Sustainable urban agriculture is presented here as a solution to provide self-maintaining sustenance while synchronously nurturing positive relationships between humans and their urban environments.
Contemporary urban design beholds varying displays of infrastructure. Because of the wide variety of existing man made structures, sustainable urban agriculture currently displays vast integration potential. Through manipulation of present infrastructure and future architectural design, the opportunity to adopt this paradigm is overwhelming. By engineering the places humans live, work and seek leisure into crop producing compositions, humans can grow an abundant supply of self-sustaining vegetation while decreasing dependence on virtual water importation. These integrations can be achieved in a myriad of ways, ranging from incorporation within parking garages or street medians, to rooftops or warehouses. Since urban environments tend to erect vertical structures, vertical farms contain prominent potential. Vertical farming on existing infrastructure mitigates the land area required to harvest traditional horizontal crops. Climate control within enclosed infrastructure can additionally be utilized within the sustainable urban agricultural system to reduce physical fresh water requirements and supplement additional self-regulated crop yield.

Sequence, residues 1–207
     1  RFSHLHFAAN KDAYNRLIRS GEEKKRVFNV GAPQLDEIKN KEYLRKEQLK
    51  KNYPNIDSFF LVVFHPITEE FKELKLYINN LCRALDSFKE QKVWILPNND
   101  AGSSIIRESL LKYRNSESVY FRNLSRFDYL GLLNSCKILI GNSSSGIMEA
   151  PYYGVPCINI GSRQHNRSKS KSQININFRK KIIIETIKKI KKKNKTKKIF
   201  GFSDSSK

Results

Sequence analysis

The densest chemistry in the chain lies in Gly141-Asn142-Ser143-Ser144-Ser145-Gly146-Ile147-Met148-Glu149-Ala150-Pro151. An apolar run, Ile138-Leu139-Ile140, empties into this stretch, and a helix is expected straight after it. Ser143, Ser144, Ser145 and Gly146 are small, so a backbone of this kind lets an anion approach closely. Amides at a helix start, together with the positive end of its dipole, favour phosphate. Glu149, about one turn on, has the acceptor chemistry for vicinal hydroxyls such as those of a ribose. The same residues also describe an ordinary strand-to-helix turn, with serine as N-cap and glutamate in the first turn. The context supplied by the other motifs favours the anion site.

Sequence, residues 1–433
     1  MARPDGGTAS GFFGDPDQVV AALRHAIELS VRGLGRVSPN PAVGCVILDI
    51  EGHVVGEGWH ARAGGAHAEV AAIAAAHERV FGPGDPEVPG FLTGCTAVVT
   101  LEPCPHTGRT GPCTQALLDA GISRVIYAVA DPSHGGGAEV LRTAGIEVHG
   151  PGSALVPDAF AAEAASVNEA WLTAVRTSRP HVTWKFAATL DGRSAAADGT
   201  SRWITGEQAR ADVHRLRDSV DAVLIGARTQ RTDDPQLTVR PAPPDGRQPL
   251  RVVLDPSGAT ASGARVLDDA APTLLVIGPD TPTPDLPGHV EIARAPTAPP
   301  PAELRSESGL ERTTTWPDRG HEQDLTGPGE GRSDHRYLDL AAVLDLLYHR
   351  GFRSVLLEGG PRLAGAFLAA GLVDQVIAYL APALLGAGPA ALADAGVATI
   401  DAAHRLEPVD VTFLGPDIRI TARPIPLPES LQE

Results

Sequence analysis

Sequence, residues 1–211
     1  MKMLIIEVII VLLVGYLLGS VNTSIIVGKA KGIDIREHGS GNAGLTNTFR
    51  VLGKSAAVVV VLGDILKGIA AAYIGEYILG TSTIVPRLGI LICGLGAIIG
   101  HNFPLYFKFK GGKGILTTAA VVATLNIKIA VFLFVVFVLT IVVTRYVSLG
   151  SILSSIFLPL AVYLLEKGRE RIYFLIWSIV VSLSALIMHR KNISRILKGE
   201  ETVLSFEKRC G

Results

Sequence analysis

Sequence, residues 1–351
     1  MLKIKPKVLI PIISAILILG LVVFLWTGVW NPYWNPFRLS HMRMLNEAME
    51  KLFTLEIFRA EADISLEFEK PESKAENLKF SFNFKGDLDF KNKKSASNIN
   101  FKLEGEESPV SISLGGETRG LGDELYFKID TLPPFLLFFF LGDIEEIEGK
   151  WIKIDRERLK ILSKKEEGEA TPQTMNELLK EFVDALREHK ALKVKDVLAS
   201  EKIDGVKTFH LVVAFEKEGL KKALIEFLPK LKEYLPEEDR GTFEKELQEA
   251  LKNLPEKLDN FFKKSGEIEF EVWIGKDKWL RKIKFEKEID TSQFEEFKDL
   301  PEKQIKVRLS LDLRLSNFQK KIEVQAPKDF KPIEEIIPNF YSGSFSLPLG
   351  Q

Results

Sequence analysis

Every fragment of self-sufficiency increases human resilience and therefore, vitality. Questions concerning the economic benefit of urban farming have resulted in its hesitant implementation. The world has gradually transitioned into a position where water has materialized as the principal constraint on properly distributed sustenance, yet most population development is occurring in urban environments with an already scarce supply of fresh water. Hence, extended use of international dependent food commerce explains why large-scale urban farm systems have failed to manifest. Without economic incentive for sustainable adaptation, there is often no choice but to continue increasing international dependencies.
Designing a better future involves envisioning systems that haven’t yet conceived. The transition may not be convenient, or make transparent use of money, capital and labor when food importation is cheaper than developing sustainable processes, yet it is absolutely necessary to establish a stronger link between humans and their life sources. A threated humanity beckons for something greater than the few scattered pilot urban farm projects that have launched around the world. Humanity must adopt a new set of ideological principles that serve to stabilize population development before the continued failure to properly manage environmental transgression overwhelms mankind’s most essential resources. Adaptation to this new set of principles will take both time and determination to achieve; however this paradigm shift is absolutely essential to future anthropic well-being.